Let the general forward rate kinematics equation for a serial mechanism be given as follows:

$$ \begin{bmatrix} \boldsymbol{v} \\ \boldsymbol{\omega} \end{bmatrix} = \begin{bmatrix} \boldsymbol{J}_1 & \boldsymbol{J}_2 & \cdots &\boldsymbol{J}_n \\ \end{bmatrix} \begin{bmatrix} \dot{\boldsymbol{q}}_1 \\ \dot{\boldsymbol{q}}_1 \\ \vdots \\ \dot{\boldsymbol{q}}_n \end{bmatrix}$$

The Jacobian, $\boldsymbol{J}_i \in \mathbb{R}^{6}$,columns are formed by a direction and moment vectors, i.e., $\boldsymbol{s}_{i\parallel} $ and $(\boldsymbol{s}_{i\parallel} \times \boldsymbol{l}_i)$, respectively. I know $\boldsymbol{s}_{i\parallel}$ is a direction vector which is only dependent on the joint angles and $\boldsymbol{l}_i$ is a position vector to the location of $\boldsymbol{s}_{i\parallel}$. If $\dot{\boldsymbol{q}}_i$ has a unit of $rad/sec$, what would be the unit of $\boldsymbol{s}_{i\parallel} \times \boldsymbol{l}_i$ to get an approperiate dimension for $\boldsymbol{v}$ and $\boldsymbol{\omega}$?

Thank you in advance


1 Answer 1


The units of the linear velocity portions of your Jacobian (what you have denoted as $\boldsymbol{s}_{i \parallel} \times \boldsymbol{l}_{i}$) are whatever distance unit you have used to define $\boldsymbol{l}_{i}$ "divided by" radians. To some extent this may rely on the parameterization method of your robot's kinematic structure (i.e. DH parameters). Given that you are not mixing units when you calculate your Jacobian, it will be the same units as were used to calculate $\boldsymbol{l}_{i}$ - which physically represents the distance from the $i^\text{th}$ frame of your robot to the end-effector.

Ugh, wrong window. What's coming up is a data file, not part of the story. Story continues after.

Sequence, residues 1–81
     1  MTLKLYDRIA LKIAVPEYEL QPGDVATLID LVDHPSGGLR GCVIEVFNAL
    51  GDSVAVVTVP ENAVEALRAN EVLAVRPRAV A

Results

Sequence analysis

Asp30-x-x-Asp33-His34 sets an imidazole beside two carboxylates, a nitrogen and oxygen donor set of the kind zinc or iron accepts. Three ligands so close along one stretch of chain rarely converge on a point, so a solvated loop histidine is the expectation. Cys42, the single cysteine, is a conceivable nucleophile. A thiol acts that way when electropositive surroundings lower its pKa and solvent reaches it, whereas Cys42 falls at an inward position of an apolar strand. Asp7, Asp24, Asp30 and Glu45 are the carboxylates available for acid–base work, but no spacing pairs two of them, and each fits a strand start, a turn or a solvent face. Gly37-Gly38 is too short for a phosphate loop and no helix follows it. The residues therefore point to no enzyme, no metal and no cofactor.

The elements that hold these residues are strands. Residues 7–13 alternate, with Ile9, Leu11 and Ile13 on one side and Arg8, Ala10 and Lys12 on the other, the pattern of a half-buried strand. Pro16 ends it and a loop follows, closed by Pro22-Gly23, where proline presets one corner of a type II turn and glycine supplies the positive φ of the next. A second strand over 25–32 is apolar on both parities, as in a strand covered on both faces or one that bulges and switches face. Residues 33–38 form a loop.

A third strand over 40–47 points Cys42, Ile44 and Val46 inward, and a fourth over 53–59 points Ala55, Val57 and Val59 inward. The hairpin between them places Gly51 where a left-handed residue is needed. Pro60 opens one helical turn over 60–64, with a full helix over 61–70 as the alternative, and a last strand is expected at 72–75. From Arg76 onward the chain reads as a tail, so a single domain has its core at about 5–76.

Assuming you use meters in your model parameterization, we have:

$$ \mathbf{J}(\mathbf{q}) = \frac{\partial f(\mathbf{q})}{\partial \mathbf{q}} $$

where $f(\cdot)$ is the forward kinematics map. So, since our forward kinematics have been defined in meters using an appropriate parameterization method, the linear velocity here is really not velocity as much as change in position of our end-effector with respect to change in joint angle. It should be noted that the units for our orientation space and individual joint angles are radians. Thus, our units for the linear Jacobian terms would simply be $\frac{\text{m}}{\text{rad}}$, and likewise the units of each $\boldsymbol{s}_{i \parallel}$ term are $\frac{\text{rad}}{\text{rad}}$. So, once multiplied by $\dot{\mathbf{q}}$, we have instantaneous linear velocity in terms of $\frac{\text{m}}{\text{sec}}$ and angular velocity in terms of $\frac{\text{rad}}{\text{sec}}$.


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